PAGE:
Although the alternative minimum tax (AMT) was intended to apply to high-income taxpayers who take advantage of loopholes (called "tax preferences" in the professional lingo), it can also apply to middle-income taxpayers who haven't planned their taxes thoroughly enough. In fact, the AMT is hitting more and more taxpayers each year.
You're probably not familiar with all of the issues surrounding the AMT -- but in this case, ignorance isn't necessarily bliss. Let's take a few minutes to see where you and the AMT might meet.
The characteristics most likely to give rise to AMT liability for "ordinary" taxpayers who do not operate businesses are:
- A large number of personal exemptions
- A large amount of state and local taxes paid
- A large amount of miscellaneous itemized deductions
- A large amount of deductible medical expenses
- The bargain element of incentive stock options
- A large amount of capital gains
If you have any of these issues on your tax return, or any combination of them, you could have the unpleasant obligation of paying the AMT.
While personal exemptions are allowed to reduce your regular tax, they are not allowed for AMT purposes. Consider for a second the little old lady who lived in a shoe, of nursery-rhyme fame. She had seven children, so between herself and her kids, those personal exemptions allowed her to reduce her regular taxable income by about $26,400 (eight personal exemptions at $3,300 each) in 2006.
But for AMT purposes, personal exemptions are ignored. It's very possible that these personal exemptions, coupled with some other tax issues, could introduce that little old lady to the AMT. Living in a shoe might not be her biggest problem.
There's no real way to "plan" your personal exemptions for AMT purposes. After all, you're obviously not going to kick a son or daughter out the door to reduce your personal exemptions. But you might be able to plan other tax items that could trigger the AMT, knowing that your significant personal exemptions already put you at risk.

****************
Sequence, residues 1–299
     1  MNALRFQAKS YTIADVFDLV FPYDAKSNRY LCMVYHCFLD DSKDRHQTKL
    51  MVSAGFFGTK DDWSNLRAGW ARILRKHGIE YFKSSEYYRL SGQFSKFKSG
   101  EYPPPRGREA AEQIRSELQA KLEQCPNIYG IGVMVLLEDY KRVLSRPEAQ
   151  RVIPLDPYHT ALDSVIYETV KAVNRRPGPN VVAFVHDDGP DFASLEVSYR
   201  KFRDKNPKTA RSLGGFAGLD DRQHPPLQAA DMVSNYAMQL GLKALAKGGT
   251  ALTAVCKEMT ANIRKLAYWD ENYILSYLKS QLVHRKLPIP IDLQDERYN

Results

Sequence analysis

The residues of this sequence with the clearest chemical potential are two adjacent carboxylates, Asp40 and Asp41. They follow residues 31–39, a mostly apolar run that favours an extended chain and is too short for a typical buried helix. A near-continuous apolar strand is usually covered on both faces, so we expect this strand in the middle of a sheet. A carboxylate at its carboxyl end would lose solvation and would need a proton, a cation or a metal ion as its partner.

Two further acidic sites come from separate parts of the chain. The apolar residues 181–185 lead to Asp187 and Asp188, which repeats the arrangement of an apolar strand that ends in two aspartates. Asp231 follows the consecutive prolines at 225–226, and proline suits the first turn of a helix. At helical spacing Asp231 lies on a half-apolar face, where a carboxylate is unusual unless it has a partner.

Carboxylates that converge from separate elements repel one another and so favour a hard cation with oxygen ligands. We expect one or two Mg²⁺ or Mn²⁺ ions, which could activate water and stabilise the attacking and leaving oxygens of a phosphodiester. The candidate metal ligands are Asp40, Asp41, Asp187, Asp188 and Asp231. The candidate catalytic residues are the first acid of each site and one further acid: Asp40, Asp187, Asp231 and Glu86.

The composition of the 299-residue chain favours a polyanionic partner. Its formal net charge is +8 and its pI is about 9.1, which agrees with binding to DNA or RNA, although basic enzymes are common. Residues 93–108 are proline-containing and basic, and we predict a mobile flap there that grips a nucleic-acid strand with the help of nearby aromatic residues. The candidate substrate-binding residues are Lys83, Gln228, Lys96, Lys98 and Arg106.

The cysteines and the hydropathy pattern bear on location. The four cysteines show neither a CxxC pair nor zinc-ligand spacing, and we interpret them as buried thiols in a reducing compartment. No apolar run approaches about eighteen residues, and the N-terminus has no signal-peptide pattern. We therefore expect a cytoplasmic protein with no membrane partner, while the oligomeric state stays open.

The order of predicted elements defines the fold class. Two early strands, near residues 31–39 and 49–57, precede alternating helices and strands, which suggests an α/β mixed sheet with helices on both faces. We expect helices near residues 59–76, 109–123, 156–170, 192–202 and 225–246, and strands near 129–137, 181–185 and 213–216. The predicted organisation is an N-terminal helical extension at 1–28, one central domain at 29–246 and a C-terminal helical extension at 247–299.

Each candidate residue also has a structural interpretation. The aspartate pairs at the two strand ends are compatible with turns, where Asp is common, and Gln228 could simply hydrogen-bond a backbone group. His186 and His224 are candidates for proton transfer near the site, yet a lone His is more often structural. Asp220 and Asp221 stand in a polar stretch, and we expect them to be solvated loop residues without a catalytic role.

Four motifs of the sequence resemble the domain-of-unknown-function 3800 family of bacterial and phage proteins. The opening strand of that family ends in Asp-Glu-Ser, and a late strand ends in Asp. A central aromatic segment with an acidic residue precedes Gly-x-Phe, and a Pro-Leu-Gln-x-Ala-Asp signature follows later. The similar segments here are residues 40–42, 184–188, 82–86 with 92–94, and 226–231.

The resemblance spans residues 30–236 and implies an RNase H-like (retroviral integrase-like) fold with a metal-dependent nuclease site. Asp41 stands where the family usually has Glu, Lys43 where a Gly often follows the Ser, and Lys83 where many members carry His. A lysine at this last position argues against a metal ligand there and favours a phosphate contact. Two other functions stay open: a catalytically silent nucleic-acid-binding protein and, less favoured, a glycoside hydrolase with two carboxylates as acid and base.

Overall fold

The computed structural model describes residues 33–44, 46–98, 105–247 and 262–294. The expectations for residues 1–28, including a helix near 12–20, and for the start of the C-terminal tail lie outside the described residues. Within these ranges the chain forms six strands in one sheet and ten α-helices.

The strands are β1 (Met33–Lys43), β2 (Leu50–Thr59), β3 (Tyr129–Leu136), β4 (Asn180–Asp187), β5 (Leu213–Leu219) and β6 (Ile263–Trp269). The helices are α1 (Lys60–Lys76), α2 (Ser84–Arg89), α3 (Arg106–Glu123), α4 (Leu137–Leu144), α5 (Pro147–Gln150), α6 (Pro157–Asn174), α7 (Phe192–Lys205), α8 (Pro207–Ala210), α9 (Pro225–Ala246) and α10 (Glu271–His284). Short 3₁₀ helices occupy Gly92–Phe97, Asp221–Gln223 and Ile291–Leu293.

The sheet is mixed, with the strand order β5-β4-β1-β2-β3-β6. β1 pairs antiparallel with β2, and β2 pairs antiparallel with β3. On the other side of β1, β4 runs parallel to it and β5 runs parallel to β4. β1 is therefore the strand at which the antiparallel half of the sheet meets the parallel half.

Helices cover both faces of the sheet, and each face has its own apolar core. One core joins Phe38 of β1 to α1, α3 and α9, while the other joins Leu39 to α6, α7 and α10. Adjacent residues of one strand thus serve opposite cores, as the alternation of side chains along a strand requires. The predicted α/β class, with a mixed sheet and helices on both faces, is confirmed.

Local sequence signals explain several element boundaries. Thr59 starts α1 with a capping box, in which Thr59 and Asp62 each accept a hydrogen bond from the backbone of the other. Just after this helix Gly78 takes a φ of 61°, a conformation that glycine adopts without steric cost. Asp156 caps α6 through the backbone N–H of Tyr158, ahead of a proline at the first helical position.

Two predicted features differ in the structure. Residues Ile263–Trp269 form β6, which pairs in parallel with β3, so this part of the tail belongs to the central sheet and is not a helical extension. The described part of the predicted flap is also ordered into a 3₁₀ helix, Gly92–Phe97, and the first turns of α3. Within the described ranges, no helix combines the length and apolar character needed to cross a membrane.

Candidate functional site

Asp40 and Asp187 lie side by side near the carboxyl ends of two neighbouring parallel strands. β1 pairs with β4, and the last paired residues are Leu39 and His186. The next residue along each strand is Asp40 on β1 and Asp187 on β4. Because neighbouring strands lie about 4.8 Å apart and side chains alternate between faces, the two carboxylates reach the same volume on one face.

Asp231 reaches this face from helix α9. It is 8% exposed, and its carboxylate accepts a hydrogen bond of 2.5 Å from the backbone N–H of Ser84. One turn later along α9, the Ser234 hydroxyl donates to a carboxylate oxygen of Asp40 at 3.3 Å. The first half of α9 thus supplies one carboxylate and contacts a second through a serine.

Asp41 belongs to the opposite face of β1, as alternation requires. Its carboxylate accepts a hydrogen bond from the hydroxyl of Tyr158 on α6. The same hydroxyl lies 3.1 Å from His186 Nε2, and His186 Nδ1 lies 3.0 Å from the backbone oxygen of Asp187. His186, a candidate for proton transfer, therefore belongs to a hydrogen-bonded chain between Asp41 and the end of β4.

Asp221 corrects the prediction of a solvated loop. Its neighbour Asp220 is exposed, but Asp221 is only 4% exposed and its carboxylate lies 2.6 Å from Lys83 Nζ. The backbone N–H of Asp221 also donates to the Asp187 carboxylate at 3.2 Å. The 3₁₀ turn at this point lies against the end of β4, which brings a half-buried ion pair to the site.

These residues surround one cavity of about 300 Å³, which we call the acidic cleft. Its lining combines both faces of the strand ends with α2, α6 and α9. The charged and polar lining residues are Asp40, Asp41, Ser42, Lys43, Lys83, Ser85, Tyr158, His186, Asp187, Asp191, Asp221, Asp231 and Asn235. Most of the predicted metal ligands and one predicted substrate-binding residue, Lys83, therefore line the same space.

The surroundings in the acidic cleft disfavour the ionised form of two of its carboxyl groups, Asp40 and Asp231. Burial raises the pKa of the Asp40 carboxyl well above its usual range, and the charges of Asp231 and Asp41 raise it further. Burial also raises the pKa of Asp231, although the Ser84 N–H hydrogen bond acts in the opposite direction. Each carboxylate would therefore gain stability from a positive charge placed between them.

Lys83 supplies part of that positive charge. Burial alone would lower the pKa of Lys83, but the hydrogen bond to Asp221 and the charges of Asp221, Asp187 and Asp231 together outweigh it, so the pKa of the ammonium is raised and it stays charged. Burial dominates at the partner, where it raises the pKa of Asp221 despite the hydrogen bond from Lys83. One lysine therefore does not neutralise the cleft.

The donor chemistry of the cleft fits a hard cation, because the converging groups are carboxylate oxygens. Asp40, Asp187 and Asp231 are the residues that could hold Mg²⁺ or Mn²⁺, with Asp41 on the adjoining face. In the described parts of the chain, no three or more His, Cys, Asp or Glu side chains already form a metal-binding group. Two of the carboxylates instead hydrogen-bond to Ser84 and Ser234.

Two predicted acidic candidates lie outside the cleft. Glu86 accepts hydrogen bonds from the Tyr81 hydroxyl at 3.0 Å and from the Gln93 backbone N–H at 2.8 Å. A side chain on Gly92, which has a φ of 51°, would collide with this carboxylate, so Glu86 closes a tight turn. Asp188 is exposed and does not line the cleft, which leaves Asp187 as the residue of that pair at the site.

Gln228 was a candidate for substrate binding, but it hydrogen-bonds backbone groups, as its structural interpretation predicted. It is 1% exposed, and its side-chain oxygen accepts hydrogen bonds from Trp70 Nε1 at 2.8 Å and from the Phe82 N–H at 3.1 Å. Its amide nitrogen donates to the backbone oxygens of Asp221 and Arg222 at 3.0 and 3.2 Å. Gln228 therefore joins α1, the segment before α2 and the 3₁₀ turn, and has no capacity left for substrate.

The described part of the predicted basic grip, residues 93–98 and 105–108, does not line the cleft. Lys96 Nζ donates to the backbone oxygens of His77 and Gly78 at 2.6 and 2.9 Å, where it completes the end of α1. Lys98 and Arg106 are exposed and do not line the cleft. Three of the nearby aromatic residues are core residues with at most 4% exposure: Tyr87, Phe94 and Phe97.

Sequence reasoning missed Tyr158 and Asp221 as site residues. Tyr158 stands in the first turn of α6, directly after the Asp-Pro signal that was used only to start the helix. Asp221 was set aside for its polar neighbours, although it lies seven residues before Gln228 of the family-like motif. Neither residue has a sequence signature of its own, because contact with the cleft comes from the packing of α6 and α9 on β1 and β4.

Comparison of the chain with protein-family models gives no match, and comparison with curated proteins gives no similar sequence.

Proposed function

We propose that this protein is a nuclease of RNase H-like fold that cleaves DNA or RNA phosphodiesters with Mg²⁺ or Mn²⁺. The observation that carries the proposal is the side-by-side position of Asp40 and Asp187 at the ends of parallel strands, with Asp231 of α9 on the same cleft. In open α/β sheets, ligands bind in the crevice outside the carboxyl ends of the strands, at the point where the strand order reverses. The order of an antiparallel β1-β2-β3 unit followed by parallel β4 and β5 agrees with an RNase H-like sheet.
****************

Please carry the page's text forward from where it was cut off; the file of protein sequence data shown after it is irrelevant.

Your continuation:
State and local taxes
State, local, and other taxes paid and claimed as itemized deductions on Schedule A are not allowed as deductions for AMT purposes. If possible, you should try to pay state and local taxes in years when you won't face the AMT; otherwise, they'll give you absolutely no tax relief. Whenever possible, know when you're in the AMT zone, and do your best to move these tax payments to another year when the AMT won't bother you.
Suppose that you're subject to the AMT this year, but you expect to avoid it next year. You should try to defer your state and local tax payments until next year. Be aware that this might lead to underpayment penalties at the state or local level. But in most cases, those underpayment penalties are small potatoes compared to the potential tax dollars you might save.
Likewise, if you expect to be subject to only the regular tax for this year, and the AMT the following year, your tax payments should be accelerated into this year whenever possible. Just remember that the IRS will not allow a deduction for state and local income taxes unless the taxpayer reasonably believes the taxes were owed when paid. Therefore, you can accelerate your deduction for state income taxes by making estimated tax payments, but only if your reasonable computations indicate that those taxes are actually owed.
In addition, real property taxes cannot be deducted until they are actually paid to the taxing authority. If you pay property taxes through a mortgage lender, the lender's cooperation in paying the taxes before the due date will be required to accelerate or defer the deduction. If you make your own property tax payments, you have free rein regarding the timing of the payments. Again, deferring those payments might lead to some penalties, but the tax savings could be well worth it.